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HistoryMost dissociative anesthetics are members of the phenyl cyclohexamine group of chemicals. Agentsfrom this group werefirst used in medical practice in the 1950s. Early experience with representatives fromthis group, such as phencyclidine and cyclohexamine hydrochloride, revealed an unacceptably highincidence of insufficient anesthesia, convulsions, and psychotic signs (Pender1971). Theseagents never ever got in regular scientific practice, however phencyclidine (phenylcyclohexylpiperidine, commonly referred to as PCP or" angel dust") has actually stayed a drug of abuse in lots of societies. Inclinical screening in the 1960s, ketamine (2-( 2-chlorophenyl) -2-( methylamino)- cyclohexanone) wasshown not to trigger convulsions, however was still connected with anesthetic introduction phenomena, such as hallucinations and agitation, albeit of much shorter duration. It became commercially available in1970. There are two optical isomers of ketamine: S(+) ketamine and ketamine. The S(+) isomer is approximately 3 to 4 times as powerful as the R isomer, most likely since of itshigher affinity to the phencyclidine binding sites on NMDA receptors (see subsequent text). The S(+) enantiomer may have more psychotomimetic properties (although it is unclear whether thissimply shows its increased strength). On The Other Hand, R() ketamine may preferentially bind to opioidreceptors (see subsequent text). Although a clinical preparation of the S(+) isomer is readily available insome nations, the most common preparation in clinical usage is a racemic mixture of the two isomers.The just other agents with dissociative features still frequently utilized in clinical practice arenitrous oxide, initially utilized clinically in the 1840s as an inhalational anesthetic, and dextromethorphan, a representative utilized as an antitussive in cough syrups because 1958. Muscimol (a potent GABAAagonistderived from the amanita muscaria mushroom) and salvinorin A (ak-opioid receptor agonist derivedfrom the plant salvia divinorum) are likewise stated to be dissociative drugs and have actually been utilized in mysticand spiritual routines (seeRitual Uses of Psychoactive Drugs"). * Email:





nlEncyclopedia of PsychopharmacologyDOI 10.1007/ 978-3-642-27772-6_341-2 #Springer- Verlag Berlin Heidelberg 2014Page 1 of 6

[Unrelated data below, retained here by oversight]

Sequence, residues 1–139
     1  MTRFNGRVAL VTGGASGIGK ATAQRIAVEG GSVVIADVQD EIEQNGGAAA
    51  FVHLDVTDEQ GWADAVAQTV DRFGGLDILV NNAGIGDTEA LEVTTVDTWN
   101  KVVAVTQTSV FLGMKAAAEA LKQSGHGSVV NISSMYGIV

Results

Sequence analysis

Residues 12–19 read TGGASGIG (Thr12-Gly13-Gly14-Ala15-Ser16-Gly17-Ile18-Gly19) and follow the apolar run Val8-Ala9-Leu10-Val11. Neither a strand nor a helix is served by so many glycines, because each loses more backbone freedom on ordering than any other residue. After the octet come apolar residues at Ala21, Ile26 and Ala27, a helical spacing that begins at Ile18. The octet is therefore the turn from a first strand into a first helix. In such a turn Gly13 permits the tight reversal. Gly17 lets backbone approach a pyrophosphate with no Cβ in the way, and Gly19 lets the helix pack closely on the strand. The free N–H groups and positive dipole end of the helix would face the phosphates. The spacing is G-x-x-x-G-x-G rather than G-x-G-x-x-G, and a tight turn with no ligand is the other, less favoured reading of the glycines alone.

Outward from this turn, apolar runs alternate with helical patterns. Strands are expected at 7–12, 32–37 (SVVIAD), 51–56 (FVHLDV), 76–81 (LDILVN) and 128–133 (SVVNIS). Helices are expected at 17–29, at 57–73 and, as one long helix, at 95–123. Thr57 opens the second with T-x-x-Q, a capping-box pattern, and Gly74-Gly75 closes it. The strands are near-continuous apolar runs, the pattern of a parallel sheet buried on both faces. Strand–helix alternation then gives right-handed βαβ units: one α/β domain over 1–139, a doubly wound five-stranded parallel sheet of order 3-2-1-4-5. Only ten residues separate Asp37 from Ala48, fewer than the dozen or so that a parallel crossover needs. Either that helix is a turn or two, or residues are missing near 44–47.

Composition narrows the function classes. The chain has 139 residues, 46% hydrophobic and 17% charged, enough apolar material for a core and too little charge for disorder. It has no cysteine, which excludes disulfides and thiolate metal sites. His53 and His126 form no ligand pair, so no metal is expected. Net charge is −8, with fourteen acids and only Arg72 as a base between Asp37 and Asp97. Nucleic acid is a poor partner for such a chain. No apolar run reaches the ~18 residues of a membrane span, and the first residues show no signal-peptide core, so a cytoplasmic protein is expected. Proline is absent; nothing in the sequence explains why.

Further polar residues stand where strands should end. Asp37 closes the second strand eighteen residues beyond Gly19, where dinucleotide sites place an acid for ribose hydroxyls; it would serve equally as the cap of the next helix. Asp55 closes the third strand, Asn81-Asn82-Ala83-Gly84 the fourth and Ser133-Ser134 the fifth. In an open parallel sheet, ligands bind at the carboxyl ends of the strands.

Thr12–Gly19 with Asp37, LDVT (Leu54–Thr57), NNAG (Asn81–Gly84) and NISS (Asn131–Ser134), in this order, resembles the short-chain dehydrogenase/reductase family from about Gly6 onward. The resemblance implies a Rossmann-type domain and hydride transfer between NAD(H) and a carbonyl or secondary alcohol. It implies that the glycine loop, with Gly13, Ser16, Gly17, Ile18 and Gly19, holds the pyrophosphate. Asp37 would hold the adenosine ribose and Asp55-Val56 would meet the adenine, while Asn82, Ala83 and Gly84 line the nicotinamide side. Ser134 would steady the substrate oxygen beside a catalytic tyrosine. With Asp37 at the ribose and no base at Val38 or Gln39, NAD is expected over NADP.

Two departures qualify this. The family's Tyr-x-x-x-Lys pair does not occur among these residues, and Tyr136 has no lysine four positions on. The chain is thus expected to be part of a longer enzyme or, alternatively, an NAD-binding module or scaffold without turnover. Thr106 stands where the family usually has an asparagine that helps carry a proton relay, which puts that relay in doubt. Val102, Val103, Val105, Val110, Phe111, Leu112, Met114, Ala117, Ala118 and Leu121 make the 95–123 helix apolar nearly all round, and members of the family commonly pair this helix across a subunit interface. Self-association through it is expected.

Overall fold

In the last few years these have been a revival of interest in the use of ketamine as an adjuvant agentduring basic anesthesia (to assist reduce severe postoperative discomfort and to assist prevent developmentof chronic pain) (Bell et al. 2006). Current literature suggests a possible function for ketamine asa treatment for persistent pain (Blonk et al. 2010) and depression (Mathews and Zarate2013). Ketamine has actually also been utilized as a model supporting the glutamatergic hypothesis for the pathogen-esis of schizophrenia (Corlett et al. 2013). Systems of ActionThe main direct molecular mechanism of action of ketamine (in typical with other dissociativeagents such as nitrous oxide, phencyclidine, and dextromethorphan) happens via a noncompetitiveantagonist result at theN-methyl-D-aspartate (NDMA) receptor. It may likewise act via an agonist effectonk-opioid receptors (seeOpioids") (Sharp1997). Positron emission tomography (FAMILY PET) imaging studies recommend that the mechanism of action does not involve binding at theg-aminobutyric acid GABAA receptor (Salmi et al. 2005). Indirect, downstream results vary and somewhat questionable. The subjective effects ofketamine appear to be mediated by increased release of glutamate (Deakin et al. 2008) and likewise byincreased dopamine release moderated by a glutamate-dopamine interaction 2-FDCK kopen in the posterior cingulatecortex (Aalto et al. 2005). Despite its specificity in receptor-ligand interactions noted previously, ketamine may trigger indirect repressive effects on GABA-ergic interneurons, resulting ina disinhibiting effect, with a resulting increased release of serotonin, norepinephrine, and dopamineat downstream sites.The sites at which dissociative representatives (such as sub-anesthetic doses of ketamine) produce theirneurocognitive and psychotomimetic impacts are partly comprehended. Practical MRI (fMRI) (see" Magnetic Resonance Imaging (Functional) Studies") in healthy subjects who were provided lowdoses of ketamine has actually revealed that ketamine triggers a network of brain regions, including theprefrontal cortex, striatum, and anterior cingulate cortex. Other studies suggest deactivation of theposterior cingulate region. Surprisingly, these results scale with the psychogenic effects of the agentand are concordant with functional imaging abnormalities observed in patients with schizophrenia( Fletcher et al. 2006). Similar fMRI studies in treatment-resistant major depression suggest thatlow-dose ketamine infusions transformed anterior cingulate cortex activity and connection with theamygdala in responders (Salvadore et al. 2010). In spite of these data, it remains unclear whether thesefMRIfindings directly determine the sites of ketamine action or whether they define thedownstream impacts of the drug. In particular, direct displacement studies with ANIMAL, using11C-labeledN-methyl-ketamine as a ligand, do disappoint clearly concordant patterns with fMRIdata. Further, the role of direct vascular effects of the drug remains uncertain, since there are cleardiscordances in the regional uniqueness and magnitude of modifications in cerebral bloodflow, oxygenmetabolism, and glucose uptake, as studied by FAMILY PET in healthy people (Langsjo et al. 2004). Recentwork suggests that the action of ketamine on the NMDA receptor results in anti-depressant effectsmediated via downstream effects on the mammalian target of rapamycin leading to increasedsynaptogenesis

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